>>>Cork to the beat of jazz
Photo: ©Turismo de Irlanda

Cork to the beat of jazz

Dark ale and music: two symbols of the Emerald Isle unite at the Cork Guinness Jazz Festival, which brings together more than 1,000 musicians over four days.
ublin is the city of pop and rock. And Cork? The city of jazz. The second biggest city in Ireland plays host to the Cork Guinness Jazz Festival every autumn. This event, which is now in its 34th year, has helped put Cork on the map, in one of the countries with the strongest musical traditions in the world. From 28 to 31 October, hundreds of musicians will ‘occupy’ the city. Literally. Beyond concerts in auditoriums, clubs and theatres (of which around 60 will be taking part), the streets will also be abuzz with music. Or more specifically, to the smooth sounds of jazz. All this for an audience of about 40,000 people, both visitors and Corkonians (as the inhabitants of city and the surrounding county are known).
The city of Cork is a series of narrow streets lined with 17th-century buildings.

Intensive trumpet lessons

During the festival, the CIT School of Music will hold the Cork Jazz Camp. Entry is free and open to all, musicians and non-musicians alike. David O’Rourke, Bruce Barth and Mark Hodgson will be some of the musicians who will be giving lessons.

American pianist Justin Kauflin will open the festival, accompanied by contemporary jazz star Jacob Collier. This first event will take place on the Friday, at The Everyman, one of the most famous theatres in the city, which, alongside Cork Opera House and Triskel Christchurch, will host the biggest concerts. Artists of the calibre of Robert Glasper, Sheryl Bailey, the Hot Club of Cowtown, Kurt Rosenwinkel and Jason Marsalis are all on the bill. The last of these is extremely excited about his first ever appearance at the festival. “I’m really looking forward to visiting Cork and playing for the audience there, as well as getting into the city and enjoying the festival for myself,” he says.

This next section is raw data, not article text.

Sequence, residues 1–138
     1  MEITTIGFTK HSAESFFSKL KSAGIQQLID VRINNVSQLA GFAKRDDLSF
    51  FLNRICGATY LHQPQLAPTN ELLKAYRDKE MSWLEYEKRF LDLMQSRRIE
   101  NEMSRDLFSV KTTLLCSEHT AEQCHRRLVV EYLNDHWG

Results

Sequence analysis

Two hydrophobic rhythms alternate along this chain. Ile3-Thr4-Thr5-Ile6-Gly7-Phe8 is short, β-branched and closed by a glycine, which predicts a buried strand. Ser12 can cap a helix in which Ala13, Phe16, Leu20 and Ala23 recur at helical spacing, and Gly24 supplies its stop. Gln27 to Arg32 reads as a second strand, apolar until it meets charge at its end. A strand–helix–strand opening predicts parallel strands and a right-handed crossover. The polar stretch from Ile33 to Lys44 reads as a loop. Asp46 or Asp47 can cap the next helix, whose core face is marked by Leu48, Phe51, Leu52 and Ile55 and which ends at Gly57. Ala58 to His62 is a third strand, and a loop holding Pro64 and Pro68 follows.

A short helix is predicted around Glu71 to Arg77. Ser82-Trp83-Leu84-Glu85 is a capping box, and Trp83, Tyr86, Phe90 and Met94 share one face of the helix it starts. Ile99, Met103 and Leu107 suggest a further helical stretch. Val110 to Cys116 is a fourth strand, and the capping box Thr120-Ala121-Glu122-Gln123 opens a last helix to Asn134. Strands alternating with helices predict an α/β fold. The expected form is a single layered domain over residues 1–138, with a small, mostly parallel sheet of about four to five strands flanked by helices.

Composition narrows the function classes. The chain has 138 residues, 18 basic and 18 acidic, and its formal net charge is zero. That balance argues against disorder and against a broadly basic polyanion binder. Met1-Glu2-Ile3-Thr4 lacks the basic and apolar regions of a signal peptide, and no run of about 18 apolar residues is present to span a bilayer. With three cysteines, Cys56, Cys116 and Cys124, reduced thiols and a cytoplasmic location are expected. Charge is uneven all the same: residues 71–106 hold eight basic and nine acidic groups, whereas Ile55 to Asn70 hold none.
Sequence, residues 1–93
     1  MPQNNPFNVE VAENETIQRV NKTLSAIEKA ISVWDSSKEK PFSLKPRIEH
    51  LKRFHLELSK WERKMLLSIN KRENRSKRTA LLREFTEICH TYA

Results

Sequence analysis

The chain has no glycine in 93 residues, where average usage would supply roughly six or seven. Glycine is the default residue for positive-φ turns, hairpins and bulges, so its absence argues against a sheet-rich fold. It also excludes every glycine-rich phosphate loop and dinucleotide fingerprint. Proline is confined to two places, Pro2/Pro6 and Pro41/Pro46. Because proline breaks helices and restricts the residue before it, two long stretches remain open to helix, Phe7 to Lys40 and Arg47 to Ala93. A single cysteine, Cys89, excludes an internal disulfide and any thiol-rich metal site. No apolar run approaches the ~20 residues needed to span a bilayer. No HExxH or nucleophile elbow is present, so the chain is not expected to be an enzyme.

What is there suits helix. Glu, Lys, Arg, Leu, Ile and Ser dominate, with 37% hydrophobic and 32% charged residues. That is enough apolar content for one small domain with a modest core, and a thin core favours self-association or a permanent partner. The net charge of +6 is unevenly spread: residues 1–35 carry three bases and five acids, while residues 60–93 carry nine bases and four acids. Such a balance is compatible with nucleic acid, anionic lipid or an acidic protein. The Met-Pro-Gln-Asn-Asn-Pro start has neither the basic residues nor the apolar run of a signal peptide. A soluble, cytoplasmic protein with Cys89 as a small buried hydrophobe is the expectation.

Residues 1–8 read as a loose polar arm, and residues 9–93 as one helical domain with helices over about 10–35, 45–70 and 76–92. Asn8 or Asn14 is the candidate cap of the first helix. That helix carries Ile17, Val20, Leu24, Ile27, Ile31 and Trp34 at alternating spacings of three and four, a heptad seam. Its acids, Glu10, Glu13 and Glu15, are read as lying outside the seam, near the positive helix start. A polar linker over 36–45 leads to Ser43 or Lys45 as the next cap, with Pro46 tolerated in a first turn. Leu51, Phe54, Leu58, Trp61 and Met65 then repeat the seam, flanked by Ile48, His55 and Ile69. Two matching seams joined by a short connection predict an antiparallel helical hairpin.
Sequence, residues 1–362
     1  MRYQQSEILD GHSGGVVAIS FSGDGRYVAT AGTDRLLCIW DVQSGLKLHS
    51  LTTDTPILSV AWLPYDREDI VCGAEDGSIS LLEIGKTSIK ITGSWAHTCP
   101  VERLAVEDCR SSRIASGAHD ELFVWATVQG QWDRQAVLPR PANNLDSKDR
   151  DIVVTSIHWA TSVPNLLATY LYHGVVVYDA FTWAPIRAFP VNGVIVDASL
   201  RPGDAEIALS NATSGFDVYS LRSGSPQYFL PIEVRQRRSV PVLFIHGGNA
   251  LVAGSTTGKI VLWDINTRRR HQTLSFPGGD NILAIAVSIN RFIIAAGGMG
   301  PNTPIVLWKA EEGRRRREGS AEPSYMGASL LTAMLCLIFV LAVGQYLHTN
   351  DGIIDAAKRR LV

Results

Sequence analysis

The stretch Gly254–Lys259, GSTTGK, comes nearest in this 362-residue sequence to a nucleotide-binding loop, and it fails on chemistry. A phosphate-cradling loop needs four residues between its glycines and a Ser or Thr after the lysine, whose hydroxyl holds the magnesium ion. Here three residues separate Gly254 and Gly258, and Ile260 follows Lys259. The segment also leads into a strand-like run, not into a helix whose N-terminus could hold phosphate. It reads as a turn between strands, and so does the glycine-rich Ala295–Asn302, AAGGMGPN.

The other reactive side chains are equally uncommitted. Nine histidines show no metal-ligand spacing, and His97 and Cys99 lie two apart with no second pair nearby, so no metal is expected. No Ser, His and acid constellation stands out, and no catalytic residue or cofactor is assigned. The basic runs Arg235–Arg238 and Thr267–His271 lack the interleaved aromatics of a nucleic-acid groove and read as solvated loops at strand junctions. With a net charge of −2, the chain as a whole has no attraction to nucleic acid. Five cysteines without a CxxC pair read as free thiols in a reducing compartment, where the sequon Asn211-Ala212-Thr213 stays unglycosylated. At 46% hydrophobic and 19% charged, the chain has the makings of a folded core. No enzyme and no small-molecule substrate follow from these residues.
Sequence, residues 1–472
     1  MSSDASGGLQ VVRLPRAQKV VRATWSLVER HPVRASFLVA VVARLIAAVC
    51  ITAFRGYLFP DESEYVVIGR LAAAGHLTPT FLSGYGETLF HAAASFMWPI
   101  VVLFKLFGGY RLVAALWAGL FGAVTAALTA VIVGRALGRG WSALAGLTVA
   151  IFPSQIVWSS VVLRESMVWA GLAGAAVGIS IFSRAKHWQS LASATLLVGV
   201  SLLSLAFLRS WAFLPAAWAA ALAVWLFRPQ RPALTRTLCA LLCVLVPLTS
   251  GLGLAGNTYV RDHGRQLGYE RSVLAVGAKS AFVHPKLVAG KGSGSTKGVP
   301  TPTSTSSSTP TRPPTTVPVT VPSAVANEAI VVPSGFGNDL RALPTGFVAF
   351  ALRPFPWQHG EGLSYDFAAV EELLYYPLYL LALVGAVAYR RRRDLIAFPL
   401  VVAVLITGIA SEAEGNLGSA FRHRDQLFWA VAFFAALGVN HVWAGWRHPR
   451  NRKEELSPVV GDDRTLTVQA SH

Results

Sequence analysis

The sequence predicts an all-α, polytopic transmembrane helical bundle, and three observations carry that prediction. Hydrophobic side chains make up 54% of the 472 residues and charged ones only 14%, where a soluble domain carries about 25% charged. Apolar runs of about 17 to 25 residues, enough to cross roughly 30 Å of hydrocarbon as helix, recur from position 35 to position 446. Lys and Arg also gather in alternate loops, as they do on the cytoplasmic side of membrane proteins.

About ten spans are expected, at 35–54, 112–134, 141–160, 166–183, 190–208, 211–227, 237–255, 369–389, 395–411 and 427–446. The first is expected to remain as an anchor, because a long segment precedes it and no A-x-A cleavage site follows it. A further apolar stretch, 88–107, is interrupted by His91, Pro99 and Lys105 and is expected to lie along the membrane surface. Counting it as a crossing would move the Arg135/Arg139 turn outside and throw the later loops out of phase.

The Metropole Hotel,  meanwhile, will play host to artists from different genres, including funk, swing, groove, Dixieland and blues. The Guinness Music Xtra and Red Hot Music programs complete the wide range of concerts. Added to this are events like workshops, an experimental music space, and open-mic nights for singers (and those aspiring to become one).
The Coronas was one of the groups that performed at the 2015 event.
Photo: ©Guinness Cork Jazz Festival

Family Jazz

The festival programme includes repertories designed for all audiences. Cork School of Music Jazz Big Band will hold one-hour concerts, during which they will play the most popular tunes from their 20 years in the business, not to mention pop classics and famous film soundtracks.

Off the musical menu, or as a side to it, Cork has plenty more to entertain the visitor. It promotes itself as a carefree, cosmopolitan city and – whatever Dublin may say – claims to have the best cuisine in Ireland, microbrewery beers included. You can see for yourself on one of the culinary tours organised by Fab Food. Besides Guinness, the festival sponsor, another dark ale is served in the local pubs. Brewed in County Cork, locals know it as the black stuff, although you can also order it using its official name: Murphy’s Stout.
Cork won the Purple Flag for being the city with the best nightlife, in 2015.
You can fit a lot into two days (or four if you are lucky enough to be there for the entire festival) in this historic university city. Since it’s so compact, walking is the ideal way to get around. Built around the River Lee, its star attractions include St. Fin Barre’s Cathedral, City Hall, Cork City Gaol (a castle) and the English Market. All of this, if you can drag yourself away from the pubs, pints and jazz. In the words of Louis Armstrong, “There are two kinds of music, the good, and the bad. If it’s good you don’t mess about, you just enjoy it.”

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